We are not particularly fans of Bretton Woods institutions, namely International Monetary Fund (IMF) and the World Bank; if you are like us, a skeptic and take with a pinch of salt whatever they dish out strongly believing that they do not genuinely represent the interest of developing countries most of the time then you would understand when we say we do not trust them.
But this is not to say that the World Bank and the IMF do not have their moments when they make a lot of sense. Even at the point when they are making sense you still need to approach them with caution, with a long pole, making sure you fully understand them before you jump into bed with them.
Just last month, Tobias Adrian, the Fund’s Financial Counsellor and Director of Monetary and Capital Markets Department, raised the alarm in Washington, D.C., United States, at the IMF/World Bank Spring Meetings, that Nigeria’s $70.99 billion debt stock (domestic and external) posed financial stability risk to the country. For such a calibre of person at the IMF to make a statement sent tongues wag- ging, with different questions popping up in the air. What were the folks at the IMF seeing that we are not seeing, giving that back home the managers of our economy have been telling us that we are fine, our debt profile is comfortable; we can handle it.
The irony of it all, the reason why we like to be circumspect about the Bretton Woods institutions, is that in the same speech, where the IMF Financial Counsellor was trying to warn Nigeria, he also made a pitch offering their services.
He said: “The Fund was ready to provide sound debt management assistance to Nigeria and other emerging market countries,” what someone might interpret to mean a job pitch.
The one thing you can say about the current managers of our economy and political governance architecture though is that they never pass an opportunity to respond to anyone who makes a com- ment that is perceived to be a criticism of their work; they are always ready to exercise their “Right of Reply” allowance. So, from the same Washington D.C. in the United States, Finance Minister Kemi Adeosun fired back.
She responded by saying that Nigeria’s debt level was sustainable and under control and that it was below 20 percent to GDP ratio. And that we are not a low income country; all well and good.
One can choose to leave it at that, feeling reassured that all is well, and will continue to be well. But we know that all is not well. Nigeria has been borrowing an awful lot and while we might be comfortable going by the assurances of the minister, we think that the rate at which the country has been piling up debt, it’s as if the government is working very hard to return the country back to the days when Nigeria suffered from acute debt overhang before the Obasanjo government got the country debt relief.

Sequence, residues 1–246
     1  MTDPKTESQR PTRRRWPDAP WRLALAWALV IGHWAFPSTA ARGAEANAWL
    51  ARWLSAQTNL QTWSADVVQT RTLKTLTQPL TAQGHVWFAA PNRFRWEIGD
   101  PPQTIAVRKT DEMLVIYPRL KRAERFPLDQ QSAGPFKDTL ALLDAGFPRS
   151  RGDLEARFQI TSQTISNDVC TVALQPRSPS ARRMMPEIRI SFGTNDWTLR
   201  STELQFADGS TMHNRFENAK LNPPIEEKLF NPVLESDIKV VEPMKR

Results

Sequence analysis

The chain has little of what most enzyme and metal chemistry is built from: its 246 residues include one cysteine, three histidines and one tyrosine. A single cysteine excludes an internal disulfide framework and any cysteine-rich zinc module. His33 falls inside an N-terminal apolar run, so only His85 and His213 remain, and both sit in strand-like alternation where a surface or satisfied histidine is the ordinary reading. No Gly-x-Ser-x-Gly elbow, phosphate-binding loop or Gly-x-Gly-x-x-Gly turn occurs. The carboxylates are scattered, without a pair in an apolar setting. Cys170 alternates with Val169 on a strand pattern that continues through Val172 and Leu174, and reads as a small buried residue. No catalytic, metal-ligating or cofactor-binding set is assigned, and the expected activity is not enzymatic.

We make the point that we are not against accumulating debt, but we are concerned about the piling up of debt for future generations and how this will impact on their lives.
We are of the view that those responsible for accumulating debt must find a way to ensure that they are part of the system that works to clear the debt. If they know they are not going to be part of the system that would clear the debt, then they owe citizens a duty to ensure that the debt that they accumulate today are productive debt with built in capacity for repayment.
For far too long, debts have been accumulated by careless people who thought of themselves for the moment and not of the impact their actions would have on today’s children who would become adults tomorrow; and those yet unborn. We have observed that the minders of this government do not like to keep quiet and get on with the job at hand. They have a penchant to respond to just about any and every comment directed at the government, especially what they perceive as a criticism. We believe that it is the stuff that lives in politics throws at you.
So, now that the Finance Minister is officially a card carrying member of the ruling party, it means she’s going to be on the politi- cal soap-box working hard to deliver her ward at least to her party. While she’s at it, could she watch over those debt numbers and give us more assurances that we are not in trouble, the way we are accumulating the debt.
As the chief financial officer of the country, the minister might also want to consider, before the political landscape gets consumed totally by politics, letting us know which of the debts are self financing and are sustainable. In other words, for transparency sakes, it would she consider it a great idea to have a profiling of all our debts as they cur- rently stand, and how they have been deployed.